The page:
We stand in the face of danger.
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U.S. President-elect Donald Trump and Vice President-elect Mike Pence depart the main clubhouse at Trump National Golf Club in Bedminster, New Jersey, U.S., November 19, 2016.
U.S. President-elect Donald Trump and Vice President-elect Mike Pence depart the main clubhouse at Trump National Golf Club in Bedminster, New Jersey, U.S., November 19, 2016.
Mike Segar / Reuters

Let there be no doubt. We stand in the face of danger. Danger to our nation, to our values, to our liberties, to all that our nation stands for. We have done this to ourselves. We underestimated the risk. We did not work hard enough. We did not have the foresight to imagine that this could actually happen to us. It is our fault.

We must not make the same mistake again. Having turned our lives, our safety, and our children’s futures over to the whims of a thoughtless, reckless, ignorant, and immoral huckster, we must stand guard and fight back against peril

These are, indeed, perilous times. We should not underestimate the threat. We must remember that at different times throughout our history we have owned slaves, denied women the vote, segregated children because of their race, burned crosses, lynched innocent black men, interned almost 100,000 American citizens because of their Japanese ancestry, imprisoned thousands of Americans because they criticized the first World War, blacklisted tens of thousands of our fellow citizens because of their political beliefs during the age of McCarthy, and driven millions of our fellow Americans into the closet and treated them as strange freaks of nature because we ignorantly despised their sexual orientation. We are capable of great ugliness and hatred. Let us not kid ourselves.

We as a People have made a grievous mistake. This is a nation built on the promise of freedom, of equality, of dignity, of civility, of respect for the rule of law, and of the continuing search for moral progress. We have accomplished great things. We have ended slavery through a horribly painful Civil War. We have ended lynching. We have outlawed racial segregation. We have enacted laws designed to guarantee civil rights and voting rights and equal rights for historically oppressed members of our society. We have learned from our mistakes. We have struggled over time to see the light and to make this a stronger, fairer, and more decent nation. We have a long way to go, but we have much to be proud of.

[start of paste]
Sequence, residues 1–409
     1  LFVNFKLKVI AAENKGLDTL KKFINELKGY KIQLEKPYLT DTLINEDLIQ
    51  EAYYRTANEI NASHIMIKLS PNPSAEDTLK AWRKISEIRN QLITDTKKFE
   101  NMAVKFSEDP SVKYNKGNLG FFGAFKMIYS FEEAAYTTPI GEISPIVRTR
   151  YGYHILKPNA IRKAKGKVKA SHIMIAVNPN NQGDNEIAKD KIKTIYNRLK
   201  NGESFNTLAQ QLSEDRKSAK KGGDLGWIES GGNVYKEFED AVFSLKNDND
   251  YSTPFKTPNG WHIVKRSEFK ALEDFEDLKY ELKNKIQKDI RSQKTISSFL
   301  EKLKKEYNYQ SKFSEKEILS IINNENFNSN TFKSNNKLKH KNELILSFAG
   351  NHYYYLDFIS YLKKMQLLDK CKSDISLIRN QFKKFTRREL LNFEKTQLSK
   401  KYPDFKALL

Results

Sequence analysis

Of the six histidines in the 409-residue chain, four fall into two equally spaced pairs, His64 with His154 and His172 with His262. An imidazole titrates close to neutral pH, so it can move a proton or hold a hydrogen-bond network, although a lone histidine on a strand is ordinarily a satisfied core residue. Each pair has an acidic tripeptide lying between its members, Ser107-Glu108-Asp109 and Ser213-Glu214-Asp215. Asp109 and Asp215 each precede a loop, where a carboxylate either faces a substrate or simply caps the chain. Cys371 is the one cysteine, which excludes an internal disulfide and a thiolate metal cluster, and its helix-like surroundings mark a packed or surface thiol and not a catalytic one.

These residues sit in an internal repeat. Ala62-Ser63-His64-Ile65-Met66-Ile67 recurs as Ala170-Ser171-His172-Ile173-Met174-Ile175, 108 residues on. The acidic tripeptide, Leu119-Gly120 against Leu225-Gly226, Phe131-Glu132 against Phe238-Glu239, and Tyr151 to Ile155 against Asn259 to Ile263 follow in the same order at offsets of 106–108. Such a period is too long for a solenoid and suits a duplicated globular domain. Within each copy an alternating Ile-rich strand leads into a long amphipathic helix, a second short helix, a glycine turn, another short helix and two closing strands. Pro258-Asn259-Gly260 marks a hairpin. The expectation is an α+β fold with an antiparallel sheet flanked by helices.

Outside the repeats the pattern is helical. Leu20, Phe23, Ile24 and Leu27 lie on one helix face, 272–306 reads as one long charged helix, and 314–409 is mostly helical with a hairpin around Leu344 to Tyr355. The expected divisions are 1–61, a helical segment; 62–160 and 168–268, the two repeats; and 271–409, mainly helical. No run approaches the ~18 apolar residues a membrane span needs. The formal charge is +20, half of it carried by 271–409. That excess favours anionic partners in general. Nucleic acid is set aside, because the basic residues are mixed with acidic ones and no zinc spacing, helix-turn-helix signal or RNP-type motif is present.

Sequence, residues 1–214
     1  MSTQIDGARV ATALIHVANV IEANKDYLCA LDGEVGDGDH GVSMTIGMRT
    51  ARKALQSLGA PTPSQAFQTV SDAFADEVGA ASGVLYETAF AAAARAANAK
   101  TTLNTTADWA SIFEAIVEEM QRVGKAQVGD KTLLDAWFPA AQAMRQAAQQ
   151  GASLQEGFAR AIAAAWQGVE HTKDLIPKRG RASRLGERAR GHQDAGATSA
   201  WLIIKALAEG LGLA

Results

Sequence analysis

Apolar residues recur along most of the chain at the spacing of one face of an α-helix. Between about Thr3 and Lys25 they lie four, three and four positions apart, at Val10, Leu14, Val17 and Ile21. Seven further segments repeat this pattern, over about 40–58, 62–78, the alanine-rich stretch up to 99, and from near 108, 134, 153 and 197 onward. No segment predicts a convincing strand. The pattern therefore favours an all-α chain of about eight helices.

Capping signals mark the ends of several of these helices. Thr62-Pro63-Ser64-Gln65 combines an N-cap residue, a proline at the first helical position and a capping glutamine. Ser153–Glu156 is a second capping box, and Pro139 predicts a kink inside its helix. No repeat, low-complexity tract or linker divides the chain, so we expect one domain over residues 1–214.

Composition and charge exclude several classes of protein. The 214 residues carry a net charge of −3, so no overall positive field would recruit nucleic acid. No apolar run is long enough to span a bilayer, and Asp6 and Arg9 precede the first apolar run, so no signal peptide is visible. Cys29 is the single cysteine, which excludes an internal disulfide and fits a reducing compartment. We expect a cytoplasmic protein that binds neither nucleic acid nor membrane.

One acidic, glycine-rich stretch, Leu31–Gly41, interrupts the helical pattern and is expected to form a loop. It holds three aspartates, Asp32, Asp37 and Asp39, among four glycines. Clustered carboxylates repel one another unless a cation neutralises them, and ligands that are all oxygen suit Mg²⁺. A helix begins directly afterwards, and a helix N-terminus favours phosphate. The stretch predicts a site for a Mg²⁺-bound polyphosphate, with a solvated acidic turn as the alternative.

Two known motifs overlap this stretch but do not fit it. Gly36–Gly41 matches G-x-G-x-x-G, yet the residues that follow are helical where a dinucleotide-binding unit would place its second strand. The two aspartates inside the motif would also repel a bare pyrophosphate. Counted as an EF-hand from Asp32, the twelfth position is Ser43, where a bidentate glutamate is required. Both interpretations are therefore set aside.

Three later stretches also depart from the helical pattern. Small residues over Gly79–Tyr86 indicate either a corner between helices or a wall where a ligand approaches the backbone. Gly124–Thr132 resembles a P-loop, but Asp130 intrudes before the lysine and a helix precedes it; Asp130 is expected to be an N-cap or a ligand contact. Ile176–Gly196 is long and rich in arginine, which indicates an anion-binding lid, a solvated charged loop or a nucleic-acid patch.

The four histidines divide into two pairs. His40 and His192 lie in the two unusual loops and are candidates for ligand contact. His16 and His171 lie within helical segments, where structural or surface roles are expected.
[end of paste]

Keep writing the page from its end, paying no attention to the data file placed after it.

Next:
Yet now we have taken a huge step backwards, even though a majority of the American people clearly rejected that step at the ballot box. But rules are rules, and rules should be respected. Individuals, though, need not be respected merely because they hold titles. They must earn our respect. They must earn our trust.

Donald Trump might turn out to be a decent president. But in his initial steps, he has cast grave doubts on that prospect. With decisions and appointments he has made in the days since the election he has already turned toward the dark side. Immediately after the election, President Obama, being the good and generous man that he is, asked us all to give the president-elect the benefit of the doubt. But in his initial actions our president-elect has already generated even more doubt about his understanding of and commitment to the most fundamental values of our nation. He has waved a flag of intolerance, injustice, and incivility.

“Courage,” Louis Brandeis once wrote, “is the secret of liberty.” We must remember that. We must be courageous. We must speak out. We must not be careless. We must not assume the best. We must not take our freedom for granted. If we do, there is a grave risk that we, our children, and our children’s children will suffer greatly for our indifference.

Listen to those who have thought hard about these dangers. “The only thing necessary for the triumph of evil,” Edmund Burke proclaimed, “is for good men to do nothing.” “Eternal vigilance,” declared the abolitionist Wendell Phillips, “is the price of liberty.” ”No man,” explained General Douglas MacArthur, “is entitled to the blessings of freedom unless he be vigilant in its preservation.” “The future,” warned President Ronald Reagan, “doesn’t belong to the faint-hearted. It belongs to the brave.” Remember those words.

Perhaps things won’t be so bad. At this moment, though, we should prepare for a struggle for the very soul of our land. This election turned out the way it did because too many good-hearted, well-meaning, thoughtful, and caring people didn’t take the danger seriously enough. Let us not make that mistake again.

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